Batman: Gotham Knight is a six segment animated film, each directed by a different director of Asian descent. The animation quality, both in character and environment detail, in these six segments exceed the quality of the animation found within all of the Batman Animated series, Batman: Mask of the Phantasm and all of the other Batman animated films. The fore and backgrounds aren’t after thoughts; they have as much thought put into them as the animated characters, an extreme rarity in American animation.
For the most part, there is continuity between each segment, though some of the connective tissue is minute. Most of the segments revolve around growing animosity and turf war between the Russian mob in Gotham City and the Italian mob. “Have I Got a Story for You”, directed by Shoijiro Nishimi, written by Josh Olson and produced by Studio 4C, is more of a stand alone segment that has no visible connection with the other segments. The main purpose of this segment seems to have been to show how different people can be looking at the same object, in this case the Batman (Kevin Conroy), yet see different interpretations of it. Three of the four characters in “Have I Got a Story for You” see a different aspect of Batman: his ability to fly, his quick movements and his near invulnerability. These aspects are represented beautifully with the different versions of Batman brought to life in this segment.
“Crossfire,” directed by Futoshi Higashide, written by Greg Rucka and produced by Production I.G, is about the Gotham City Police’s Major Crimes Unit, what’s happened to The Narrows and the turf war between the Russians and the Italians. The interesting part about this segment was that the viewer gets to know two of James Gordon’s (Jim Meskimen) hand picked detectives and some nice action sequences. “Field Test,” directed by Hiroshi Morioka, written by Jordan Goldberg and produced by Bee Train, houses an interesting invention by Wayne Industries, the presence Lucas Fox (Kevin Michael Richardson) and his clever sense of humor. The Batman presented in this segment reminded me of Azrael’s Batman and his “System”-generated Bat suit. We are also given a glimpse of Batman’s selfless commitment to preserve life while in the pursuit of justice. “In Darkness Dwells,” directed by Yasuhiro Aoki, written by David S. Goyer and produced by Madhouse, deals with Waylon Jones aka Killer Croc and Jonathan Crane aka The Scarecrow (Corey Burton) and is an action packed segment.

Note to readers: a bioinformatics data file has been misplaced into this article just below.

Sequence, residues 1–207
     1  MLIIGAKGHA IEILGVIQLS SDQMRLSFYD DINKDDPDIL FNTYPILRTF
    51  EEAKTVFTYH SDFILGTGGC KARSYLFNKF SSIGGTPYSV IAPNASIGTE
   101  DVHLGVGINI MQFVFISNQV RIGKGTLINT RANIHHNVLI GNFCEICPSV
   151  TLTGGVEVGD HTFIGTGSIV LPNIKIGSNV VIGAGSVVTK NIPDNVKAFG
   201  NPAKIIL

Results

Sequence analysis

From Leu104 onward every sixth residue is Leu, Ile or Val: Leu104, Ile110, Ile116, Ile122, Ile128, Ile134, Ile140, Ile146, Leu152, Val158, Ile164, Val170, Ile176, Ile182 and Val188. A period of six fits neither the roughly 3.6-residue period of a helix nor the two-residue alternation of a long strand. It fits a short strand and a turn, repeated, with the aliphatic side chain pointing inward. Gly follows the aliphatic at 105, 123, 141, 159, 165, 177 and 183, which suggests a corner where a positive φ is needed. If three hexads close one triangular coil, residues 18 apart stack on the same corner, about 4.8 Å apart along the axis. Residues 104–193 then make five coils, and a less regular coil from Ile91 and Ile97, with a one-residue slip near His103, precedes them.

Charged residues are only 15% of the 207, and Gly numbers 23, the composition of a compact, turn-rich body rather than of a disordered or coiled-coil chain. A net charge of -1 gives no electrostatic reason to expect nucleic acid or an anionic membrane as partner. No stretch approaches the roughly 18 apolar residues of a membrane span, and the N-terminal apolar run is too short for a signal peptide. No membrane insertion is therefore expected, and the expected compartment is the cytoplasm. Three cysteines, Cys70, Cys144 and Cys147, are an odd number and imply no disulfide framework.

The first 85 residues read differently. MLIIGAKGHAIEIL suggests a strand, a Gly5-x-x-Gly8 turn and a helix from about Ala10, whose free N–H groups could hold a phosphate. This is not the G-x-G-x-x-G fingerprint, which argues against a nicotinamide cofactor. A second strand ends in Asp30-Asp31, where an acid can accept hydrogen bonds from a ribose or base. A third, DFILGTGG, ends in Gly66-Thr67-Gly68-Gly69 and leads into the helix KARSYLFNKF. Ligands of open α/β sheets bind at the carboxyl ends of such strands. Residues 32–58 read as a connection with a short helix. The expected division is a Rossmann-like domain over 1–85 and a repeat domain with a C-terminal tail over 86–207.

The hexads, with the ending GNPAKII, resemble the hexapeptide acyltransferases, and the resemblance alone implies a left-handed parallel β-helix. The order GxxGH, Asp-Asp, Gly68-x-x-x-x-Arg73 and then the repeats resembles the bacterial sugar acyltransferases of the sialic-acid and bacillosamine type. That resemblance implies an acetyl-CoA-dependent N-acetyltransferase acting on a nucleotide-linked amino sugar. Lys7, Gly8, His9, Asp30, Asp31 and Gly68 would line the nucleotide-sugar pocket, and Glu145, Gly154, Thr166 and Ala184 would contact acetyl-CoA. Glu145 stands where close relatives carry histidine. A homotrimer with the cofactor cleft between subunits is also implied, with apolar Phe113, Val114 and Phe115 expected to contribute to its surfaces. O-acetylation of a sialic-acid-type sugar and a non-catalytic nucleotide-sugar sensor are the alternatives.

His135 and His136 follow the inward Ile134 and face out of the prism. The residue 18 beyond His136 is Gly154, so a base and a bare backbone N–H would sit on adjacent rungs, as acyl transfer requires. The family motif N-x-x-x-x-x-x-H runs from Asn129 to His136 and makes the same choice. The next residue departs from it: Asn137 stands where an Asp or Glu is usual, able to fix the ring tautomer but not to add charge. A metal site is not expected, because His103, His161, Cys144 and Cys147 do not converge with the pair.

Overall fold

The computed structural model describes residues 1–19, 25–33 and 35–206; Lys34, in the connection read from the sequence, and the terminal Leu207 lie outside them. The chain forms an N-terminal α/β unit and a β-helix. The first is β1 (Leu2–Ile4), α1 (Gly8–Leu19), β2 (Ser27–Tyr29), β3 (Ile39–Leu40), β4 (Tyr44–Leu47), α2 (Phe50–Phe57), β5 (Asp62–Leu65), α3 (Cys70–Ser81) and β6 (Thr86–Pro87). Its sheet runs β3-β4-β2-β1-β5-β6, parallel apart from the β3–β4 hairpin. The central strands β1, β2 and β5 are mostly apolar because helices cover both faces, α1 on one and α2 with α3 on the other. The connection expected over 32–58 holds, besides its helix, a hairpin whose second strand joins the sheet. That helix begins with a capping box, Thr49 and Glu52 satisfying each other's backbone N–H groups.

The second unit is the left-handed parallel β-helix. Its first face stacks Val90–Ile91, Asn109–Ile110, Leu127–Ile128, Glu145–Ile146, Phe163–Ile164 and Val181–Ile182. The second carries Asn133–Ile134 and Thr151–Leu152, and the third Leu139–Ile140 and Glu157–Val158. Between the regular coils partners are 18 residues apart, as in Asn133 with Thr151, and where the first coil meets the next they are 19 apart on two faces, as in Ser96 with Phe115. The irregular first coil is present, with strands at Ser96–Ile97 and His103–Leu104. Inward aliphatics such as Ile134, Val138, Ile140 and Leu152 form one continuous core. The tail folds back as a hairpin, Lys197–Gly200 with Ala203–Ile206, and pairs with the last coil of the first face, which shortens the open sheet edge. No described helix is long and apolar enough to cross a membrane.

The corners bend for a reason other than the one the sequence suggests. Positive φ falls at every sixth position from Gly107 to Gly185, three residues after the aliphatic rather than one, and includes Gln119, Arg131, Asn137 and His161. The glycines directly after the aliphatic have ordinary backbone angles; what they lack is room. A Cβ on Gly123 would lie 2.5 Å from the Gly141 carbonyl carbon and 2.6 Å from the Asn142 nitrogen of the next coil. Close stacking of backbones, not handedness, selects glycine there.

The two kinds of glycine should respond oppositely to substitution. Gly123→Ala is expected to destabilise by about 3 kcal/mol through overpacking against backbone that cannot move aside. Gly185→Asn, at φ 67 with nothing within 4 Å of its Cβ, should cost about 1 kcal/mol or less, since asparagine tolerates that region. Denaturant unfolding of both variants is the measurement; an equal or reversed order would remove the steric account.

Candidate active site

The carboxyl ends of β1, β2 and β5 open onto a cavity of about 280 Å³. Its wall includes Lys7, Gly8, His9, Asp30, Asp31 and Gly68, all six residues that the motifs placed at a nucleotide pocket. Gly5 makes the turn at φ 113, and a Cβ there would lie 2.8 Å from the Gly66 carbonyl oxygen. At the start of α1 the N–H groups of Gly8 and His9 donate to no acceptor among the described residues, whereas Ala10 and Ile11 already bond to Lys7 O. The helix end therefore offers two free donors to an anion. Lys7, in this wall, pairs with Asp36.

“Working through Pain,” directed by Toshiyuki Kubooka, written by Brian Azzarello and produced by Studio 4°C, showcases the pain aversion techniques Bruce Wayne learned in India. At first I thought this was the weakest segment but after seeing it multiple times, I realize it is actually one of the strongest, with the most to say about what makes Batman tick. “Deadshot,” directed Jong-Sik Nam, written by Alan Burnett and produced by Madhouse, is the segment of Batman: Gotham Knight that I initially enjoyed the most. It probably has to do with Madhouse’s Ninja Scroll and Vampire Hunter D: Bloodshot, anime on my list of 5 Essential Anime Films You Need to View, being two of my favorite animated films of all time. The animation in “Deadshot” is top notch, aided by computer generated effects and it shows. This is the segment that deserves its own film in my opinion. Floyd Lawton (Jim Meskimen) aka Deadshot has a tragic past (like Batman and Killer Croc) and I wish that had been fully explored. The writing for this segment is also excellent but this is also true of “In Darkness Dwells” and “Working through Pain.”
Batman: Gotham Knight isn’t a great film because its individual segments are a tad too short. Just when you get into a segment, it ends, not that abruptly but it ends. Gotham Knight would have been much stronger if it had been one continuous storyline instead of segments slightly linked. Batman: Gotham Knight is entertaining, its animation refreshing but as a narrative, lacks the cohesion that would have made it memorable.